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There are many debatable issues in the world of medicine, and the wearing of medical scrubs is one of them. Medical scrubs have evolved over the years, as doctors and researchers sought a more hygienic and germ-free solution to apparel for doctors and nurses. Where there was an era of strict conformity to germ control and starched white nursing dresses and caps, standards have relaxed somewhat, and nurses today wear comfortable scrubs with various options in brand, style, and color.

While today’s scrubs are very comfortable and functional, nursing scrubs are also becoming a source for the spread of germs and contagious diseases.

The Cause

Medical scrubs are meant to serve three main functions: identification of medical personnel, to generate respect, and perhaps most important, hygiene. Ideally, medical scrubs should be worn only at work, and should be left there before leaving at the end of the day. Unfortunately, this is often not the case, and nurses habitually wear their scrubs home, as well as while running errands. This may be caused by the fact that many hospitals do not offer to launder nurses’ scrubs anymore, so medical personnel are now forced to take their scrubs home.

Aside for the fact that home laundering of scrubs is not as effective at killing germs, viruses, and bacteria as commercial laundering, when scrubs are worn in public they spread germs that were contracted at work, while picking up public germs at the same time, and passing them back to patients.

Experimental Proof

MSNBC reports on a study done by Israeli researchers in Shaare Zedek Medical Center. After collecting samples from the sleeves, waists, and pockets of doctors and nurses at a large hospital, the researchers isolated potentially dangerous bacteria from at least one site on 63% of the uniforms.  Among this pool, 11% of the bugs were resistant to conventional means of treatment and antibiotics. While the results of the study did not show conclusive findings of an increase in germs on scrubs that are worn outside of the hospital, the findings do strongly point in that direction.

The cause of more nurses wearing uniforms outside of the hospital setting is twofold; fewer hospitals launder their nurses’ scrubs due to budget cuts, and Ann Marie Pettis, Director of Infection Prevention at the University of Rochester Medical Center says that even in hospitals such as hers, where strict policies are in place, there is a low rate of compliance with regulations in this area. Hospital management has many pressing matters on their agendas, and compliance to medical scrubs regulations often falls to the bottom of the list.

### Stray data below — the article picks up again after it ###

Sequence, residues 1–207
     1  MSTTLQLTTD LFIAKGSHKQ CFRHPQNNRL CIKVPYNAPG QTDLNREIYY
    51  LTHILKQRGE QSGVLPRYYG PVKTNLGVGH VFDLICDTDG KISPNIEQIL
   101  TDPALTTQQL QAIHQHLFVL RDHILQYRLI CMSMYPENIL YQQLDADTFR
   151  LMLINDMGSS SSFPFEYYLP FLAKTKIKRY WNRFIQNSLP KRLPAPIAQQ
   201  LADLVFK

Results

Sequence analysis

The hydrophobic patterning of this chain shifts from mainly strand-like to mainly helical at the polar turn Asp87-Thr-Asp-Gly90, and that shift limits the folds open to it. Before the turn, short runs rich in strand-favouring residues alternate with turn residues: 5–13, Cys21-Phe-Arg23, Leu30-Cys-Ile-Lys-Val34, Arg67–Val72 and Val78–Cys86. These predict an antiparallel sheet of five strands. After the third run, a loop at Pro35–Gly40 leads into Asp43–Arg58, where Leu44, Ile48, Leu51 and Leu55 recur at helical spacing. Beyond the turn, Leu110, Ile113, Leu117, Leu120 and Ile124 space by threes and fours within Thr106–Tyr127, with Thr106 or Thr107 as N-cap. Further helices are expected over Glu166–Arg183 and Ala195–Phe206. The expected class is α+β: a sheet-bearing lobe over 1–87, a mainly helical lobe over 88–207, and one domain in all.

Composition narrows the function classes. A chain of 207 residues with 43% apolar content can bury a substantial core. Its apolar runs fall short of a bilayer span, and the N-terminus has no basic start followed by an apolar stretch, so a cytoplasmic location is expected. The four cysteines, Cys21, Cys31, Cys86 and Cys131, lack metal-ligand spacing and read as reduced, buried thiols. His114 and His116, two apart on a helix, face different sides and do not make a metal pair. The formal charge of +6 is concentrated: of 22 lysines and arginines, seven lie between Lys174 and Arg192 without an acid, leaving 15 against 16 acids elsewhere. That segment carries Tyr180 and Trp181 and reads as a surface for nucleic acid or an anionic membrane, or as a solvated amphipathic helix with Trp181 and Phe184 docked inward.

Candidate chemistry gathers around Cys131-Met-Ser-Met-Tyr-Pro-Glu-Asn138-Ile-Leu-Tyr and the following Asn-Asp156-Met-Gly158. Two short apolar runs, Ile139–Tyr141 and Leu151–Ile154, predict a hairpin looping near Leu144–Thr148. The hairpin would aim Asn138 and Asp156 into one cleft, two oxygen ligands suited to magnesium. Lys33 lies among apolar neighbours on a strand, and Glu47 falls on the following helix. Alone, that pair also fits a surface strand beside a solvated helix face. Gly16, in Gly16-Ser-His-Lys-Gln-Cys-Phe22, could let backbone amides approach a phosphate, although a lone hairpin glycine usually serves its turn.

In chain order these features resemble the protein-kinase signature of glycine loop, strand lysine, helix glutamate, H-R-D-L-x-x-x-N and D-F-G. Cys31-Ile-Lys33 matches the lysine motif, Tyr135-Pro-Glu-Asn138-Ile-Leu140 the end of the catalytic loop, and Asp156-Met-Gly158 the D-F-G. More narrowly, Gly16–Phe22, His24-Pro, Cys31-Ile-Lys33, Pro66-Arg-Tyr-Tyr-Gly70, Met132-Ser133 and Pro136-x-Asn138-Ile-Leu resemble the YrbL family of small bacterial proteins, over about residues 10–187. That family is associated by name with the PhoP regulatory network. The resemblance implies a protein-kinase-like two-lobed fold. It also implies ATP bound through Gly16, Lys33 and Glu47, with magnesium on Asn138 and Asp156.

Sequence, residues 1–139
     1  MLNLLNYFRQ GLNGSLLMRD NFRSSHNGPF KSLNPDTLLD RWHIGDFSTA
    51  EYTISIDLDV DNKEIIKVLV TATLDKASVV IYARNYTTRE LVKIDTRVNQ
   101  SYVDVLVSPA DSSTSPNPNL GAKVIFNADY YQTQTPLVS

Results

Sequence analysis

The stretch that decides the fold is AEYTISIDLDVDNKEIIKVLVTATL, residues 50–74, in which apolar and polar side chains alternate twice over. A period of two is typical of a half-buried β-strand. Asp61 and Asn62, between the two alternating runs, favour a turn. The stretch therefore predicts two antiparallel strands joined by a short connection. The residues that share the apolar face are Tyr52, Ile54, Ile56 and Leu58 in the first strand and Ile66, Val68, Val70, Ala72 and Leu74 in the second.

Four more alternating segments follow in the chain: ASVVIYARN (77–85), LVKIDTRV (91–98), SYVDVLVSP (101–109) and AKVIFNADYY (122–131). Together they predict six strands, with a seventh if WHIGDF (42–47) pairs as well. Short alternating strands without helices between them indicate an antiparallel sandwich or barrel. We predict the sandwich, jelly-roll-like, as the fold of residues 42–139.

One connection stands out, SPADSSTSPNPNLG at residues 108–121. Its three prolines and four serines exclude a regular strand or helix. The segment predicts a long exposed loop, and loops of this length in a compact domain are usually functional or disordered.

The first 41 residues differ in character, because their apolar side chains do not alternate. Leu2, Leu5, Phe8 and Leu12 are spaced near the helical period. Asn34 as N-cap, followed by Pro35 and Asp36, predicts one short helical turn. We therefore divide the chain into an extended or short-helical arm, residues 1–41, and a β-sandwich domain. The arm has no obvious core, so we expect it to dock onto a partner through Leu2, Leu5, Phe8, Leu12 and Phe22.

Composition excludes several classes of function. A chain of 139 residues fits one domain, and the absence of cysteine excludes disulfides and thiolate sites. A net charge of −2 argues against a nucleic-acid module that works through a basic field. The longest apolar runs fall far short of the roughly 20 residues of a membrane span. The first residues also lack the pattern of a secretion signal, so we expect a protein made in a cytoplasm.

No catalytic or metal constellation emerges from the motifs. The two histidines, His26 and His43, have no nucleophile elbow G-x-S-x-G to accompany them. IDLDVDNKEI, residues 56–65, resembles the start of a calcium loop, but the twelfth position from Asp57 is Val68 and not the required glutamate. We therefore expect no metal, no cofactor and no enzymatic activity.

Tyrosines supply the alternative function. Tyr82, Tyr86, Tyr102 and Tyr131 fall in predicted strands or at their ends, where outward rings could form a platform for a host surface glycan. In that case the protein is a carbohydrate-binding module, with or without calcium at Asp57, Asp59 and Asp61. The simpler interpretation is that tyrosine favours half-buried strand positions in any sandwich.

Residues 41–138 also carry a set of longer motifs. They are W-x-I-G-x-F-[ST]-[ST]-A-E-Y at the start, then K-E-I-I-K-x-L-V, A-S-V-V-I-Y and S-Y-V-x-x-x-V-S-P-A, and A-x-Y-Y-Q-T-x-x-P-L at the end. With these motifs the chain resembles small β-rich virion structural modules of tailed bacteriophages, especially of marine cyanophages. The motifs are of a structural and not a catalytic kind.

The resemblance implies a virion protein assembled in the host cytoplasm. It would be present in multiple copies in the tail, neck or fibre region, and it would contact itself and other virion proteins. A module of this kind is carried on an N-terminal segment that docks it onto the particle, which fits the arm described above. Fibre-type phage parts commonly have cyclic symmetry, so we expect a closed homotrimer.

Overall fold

The Defense

Many medical personnel are quick to defend themselves by pointing out that the majority of hospital germs are distributed not by way of scrubs, but via other means, such as visitors to the hospital. They point to visitors who don’t wash their hands, eat in areas where they should not be bringing food, and bring in babies and toddlers, as the leading cause of the spread of germs. While this argument is valid, it is difficult to regulate visitors’ practices, aside for in specialized areas, such as the ICU.

Admittedly, there are also many other sources of hospital germs, with one prominent place being bedrails on patients’ beds, and neglectful hand-washing hygiene. These are all areas that leave what to be desired, but it is disturbing and a whole different story when hospital germs are transmitted to the general public by way of nurses who leave work in their scrubs.


There are many areas that can be blamed for the spread of germs from medical institutions, but if the wearing of the nursing scrub was firmly restricted to the medical environment, invariably germ contamination would be markedly decreased. The Israeli researchers suggested that hospital workers be mandated to change into clean uniforms every day, the use of disposable plastic aprons for messy jobs be mandated, as well as better hand-washing hygiene practices.

It is the responsibility of all those in the medical field, starting from the corporate decision makers in hospitals, down through doctors, nurses, and all workers in a medical facility to ensure that scrubs are worn only at work, and are laundered properly, in the hopes of preventing some of the diseases that are making the rounds.

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